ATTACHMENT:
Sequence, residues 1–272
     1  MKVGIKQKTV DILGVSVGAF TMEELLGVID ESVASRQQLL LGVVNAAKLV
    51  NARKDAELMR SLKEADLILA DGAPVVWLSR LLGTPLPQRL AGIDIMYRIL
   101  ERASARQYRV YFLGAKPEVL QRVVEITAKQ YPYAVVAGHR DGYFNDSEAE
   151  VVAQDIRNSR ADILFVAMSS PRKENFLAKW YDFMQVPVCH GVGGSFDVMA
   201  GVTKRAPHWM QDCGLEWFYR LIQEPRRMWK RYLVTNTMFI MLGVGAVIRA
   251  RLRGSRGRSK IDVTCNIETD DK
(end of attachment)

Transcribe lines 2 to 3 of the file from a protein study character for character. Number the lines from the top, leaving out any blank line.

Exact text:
     1  MKVGIKQKTV DILGVSVGAF TMEELLGVID ESVASRQQLL LGVVNAAKLV
    51  NARKDAELMR SLKEADLILA DGAPVVWLSR LLGTPLPQRL AGIDIMYRIL